As mentioned earlier, a fantastic amount of natural and historical variety is compacted into a relatively small area so there is no need to take internal flights or long, overnight journeys and it’s unlikely you will need to travel more than four hours to your next destination. Train is always our preferred mode of transport but if the tracks don’t take you to where you need to go, it is always very easy to arrange a car or tuk-tuk. Just ask your hotel the night before. Strong haggling techniques are very rarely required. A car will get you to your destination quicker, but we always prefer the tuk-tuks (called tri-shaws in Sri Lanka, with a speed limit of 40km/h, although they usually bounce along at closer to 50km/h). For some reason the boys are always more chilled in them; something about the open sides and air rushing through.

Soft landing and introduction to Sri Lanka

Viharamahadevi Park, Sri Lanka

Unlike many Asian capital cities, which can seem loud and chaotic on arrival, the relaxed coastal city of Colombo will gently ease you into Sri Lankan life. We loved arriving into Colombo where our hotel allowed a very early check in (4am!), tuk-tuks all use the meter (note, this is only a Colombo thing), the best park ever (Viharamahadevi Park) which offered a playground, water fountains, boating lake, small train ride, aquarium and also horse-riding! Our boys loved the park on the first day after we’d had a long nap to recover from the night flight. But even if that feels like too much hard work, head to the beach resort of Negombo, which is actually much closer to Colombo International Airport (about 30 minute drive, rather than the 1 hour to Colombo), for that first day or so.

Nappies and milk are readily available

Even a small town will have a convenience store to purchase cow’s milk. In Colombo you can get the familiar plastic bottles from the fridge. Once you travel into the countryside, UHT milk is generally sold in boxed cartons, which you don’t need to refrigerate until open. If there’s no fridge at the hotel/guest-house, we leave the carton of milk overnight in the sink with cold water. Not all places have a kettle so, if you need warm milk, pack a thermos flask for boiling water (provided by accommodation) to then add to the milk to heat. We do regret not getting our boys used to cold milk, our youngest always needs it heated to the perfect temperature and can seemingly detect a one-degree difference simply by holding the bottle!

Nappies are available from convenience stores. However, you may have to make do with the local brand. Don’t bother with Pampers, it’s not at all the same quality as the brand you’re perhaps used to. An expat friend in Colombo has done heroic research and recommends Soft Love nappies (or Drypers). Stock up when you see them and strap a pack to the side of your backpack. Also, get a size bigger than usual as they tend to come up small in Sri Lanka.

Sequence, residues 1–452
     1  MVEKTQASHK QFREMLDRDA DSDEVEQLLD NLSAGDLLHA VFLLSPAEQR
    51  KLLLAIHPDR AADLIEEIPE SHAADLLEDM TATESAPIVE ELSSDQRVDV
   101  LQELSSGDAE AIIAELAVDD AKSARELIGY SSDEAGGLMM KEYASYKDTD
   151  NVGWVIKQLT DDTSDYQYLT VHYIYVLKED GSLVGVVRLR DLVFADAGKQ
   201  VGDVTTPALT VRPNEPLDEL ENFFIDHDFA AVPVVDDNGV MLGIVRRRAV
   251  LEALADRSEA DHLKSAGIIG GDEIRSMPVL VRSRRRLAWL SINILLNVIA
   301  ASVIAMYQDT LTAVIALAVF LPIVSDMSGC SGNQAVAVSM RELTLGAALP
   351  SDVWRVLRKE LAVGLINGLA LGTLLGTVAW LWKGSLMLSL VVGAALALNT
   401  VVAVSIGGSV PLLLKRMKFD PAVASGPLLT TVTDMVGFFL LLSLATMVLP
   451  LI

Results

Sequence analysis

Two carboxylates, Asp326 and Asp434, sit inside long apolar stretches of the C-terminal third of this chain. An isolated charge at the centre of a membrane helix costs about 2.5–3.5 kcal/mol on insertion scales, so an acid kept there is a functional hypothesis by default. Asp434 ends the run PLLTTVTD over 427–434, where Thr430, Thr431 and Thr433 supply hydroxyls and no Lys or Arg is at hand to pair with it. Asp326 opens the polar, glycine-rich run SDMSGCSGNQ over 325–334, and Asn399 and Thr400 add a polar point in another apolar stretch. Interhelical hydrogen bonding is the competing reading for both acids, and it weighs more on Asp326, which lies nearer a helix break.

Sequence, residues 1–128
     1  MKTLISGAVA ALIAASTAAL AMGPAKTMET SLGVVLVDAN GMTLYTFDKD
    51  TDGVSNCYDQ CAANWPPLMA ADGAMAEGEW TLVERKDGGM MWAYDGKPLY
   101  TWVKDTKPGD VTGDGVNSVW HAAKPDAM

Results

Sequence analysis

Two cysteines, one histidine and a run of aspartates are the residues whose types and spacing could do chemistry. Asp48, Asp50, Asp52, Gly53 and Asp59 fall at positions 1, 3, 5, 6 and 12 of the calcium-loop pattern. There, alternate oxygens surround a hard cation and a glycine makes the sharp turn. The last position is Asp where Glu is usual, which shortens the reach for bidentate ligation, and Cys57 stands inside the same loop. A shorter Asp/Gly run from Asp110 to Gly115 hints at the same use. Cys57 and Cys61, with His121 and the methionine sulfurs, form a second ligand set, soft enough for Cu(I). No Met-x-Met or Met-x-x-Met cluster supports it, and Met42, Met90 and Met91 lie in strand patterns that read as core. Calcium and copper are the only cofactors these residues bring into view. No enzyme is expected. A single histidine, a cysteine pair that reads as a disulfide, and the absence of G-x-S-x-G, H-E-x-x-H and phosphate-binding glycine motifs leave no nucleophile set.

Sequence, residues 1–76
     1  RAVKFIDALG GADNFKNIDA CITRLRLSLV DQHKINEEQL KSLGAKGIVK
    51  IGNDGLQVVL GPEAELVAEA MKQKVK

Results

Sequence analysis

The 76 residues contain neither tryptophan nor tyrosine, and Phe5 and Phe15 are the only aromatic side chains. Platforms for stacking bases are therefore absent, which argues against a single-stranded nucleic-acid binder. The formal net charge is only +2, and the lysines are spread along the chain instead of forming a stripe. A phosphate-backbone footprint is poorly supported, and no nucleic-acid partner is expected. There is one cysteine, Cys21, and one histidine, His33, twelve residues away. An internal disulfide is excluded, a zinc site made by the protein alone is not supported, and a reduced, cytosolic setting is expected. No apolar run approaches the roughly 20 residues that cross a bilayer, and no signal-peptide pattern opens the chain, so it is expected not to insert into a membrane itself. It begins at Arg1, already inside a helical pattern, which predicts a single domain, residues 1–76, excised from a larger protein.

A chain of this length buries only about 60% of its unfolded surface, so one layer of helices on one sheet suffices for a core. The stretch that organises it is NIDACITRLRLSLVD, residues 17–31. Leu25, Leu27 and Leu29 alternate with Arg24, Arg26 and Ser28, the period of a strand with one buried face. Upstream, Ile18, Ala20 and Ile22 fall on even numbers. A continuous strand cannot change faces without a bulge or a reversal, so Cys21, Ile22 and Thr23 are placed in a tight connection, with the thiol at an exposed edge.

The People

Colombo friends

We didn’t meet a single grumpy person in our whole two weeks in Sri Lanka. Not one! Everyone has such a happy, chilled outlook and it’s infectious (except when train travel is concerned, the locals become strangely forceful there!). More importantly, everyone we met was so open and fun with our kids. So much so that our boys blossomed with every interaction and we could genuinely see the immediate positive effect of travel on their social well-being.

The Food

Food for kids in Sri Lanka

To average Western tastes, Sri Lankan food is spicy and you may find your little ones don’t like it. That’s fine as many places serve pancakes or omelettes and you’ll also find pasta, pizza and chips in many tourist towns, although I’m sure most kids will love the hoppers (a bit like a pancake in the shape of a flying saucer). If all else fails, there is tropical fruit aplenty and you can always find plain rice. However, us parents absolutely loved the local food and we were easily able to find restaurants to suit everyone’s palate.

It’s relatively cheap

This is always an important consideration for families as travelling with kids tends to inflate the budget. Sri Lanka is not as cheap as other Asian countries but your western money still goes a long way. Train travel in particular is very cheap in Sri Lanka. First class train from Colombo to Galle is just Rs800 (GBP4).

Family friendly accommodation

Ella, Sri Lanka

There are so many family homestays dotted around Sri Lanka which are perfect for travelling families as there will often be toys and new friends to play with. You’ll also find many hotels and guesthouses with a garden or pool, which is always a winner with the kids, across a range of prices. We booked most of our accommodation through booking.com. You can find lovely quiet homestays for under GBP20 per night or splash out on some incredible family-friendly boutique luxury (we loved our stay at Living Heritage Koslanda, with its abundant open space, infinity pool and private waterfall for swimming – read our review here).

Easy visa 

Apply online, pay the USD35 on application and it’s done. Easy.

No malaria, but you may need some jabs

No need for anti-malarials as the World Health Organisation certified Sri Lanka as malaria free in September 2016. However, it is advised that all the family receive vaccinations for Diphtheria, Tetanus, Polio, Hep A and Hep B, Rabies and Typhoid. Check with your local health provider for up-to-date information. Also, ensure you pack a lot of kids’ mossie repellent. There are quite a few mosquitoes in Sri Lanka (dengue is a serious problem) and the local repellent can be quite harsh on young skin.

TraveLynn Family in Sri Lanka


We absolutely loved our time in Sri Lanka and hope to be back again soon. Have you visited Sri Lanka with kids? Do you have any favourite places?


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Sri Lanka with young kids

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Where would we be without our trusted Lonely Planet guide. The Sri Lanka edition was invaluable to our travels.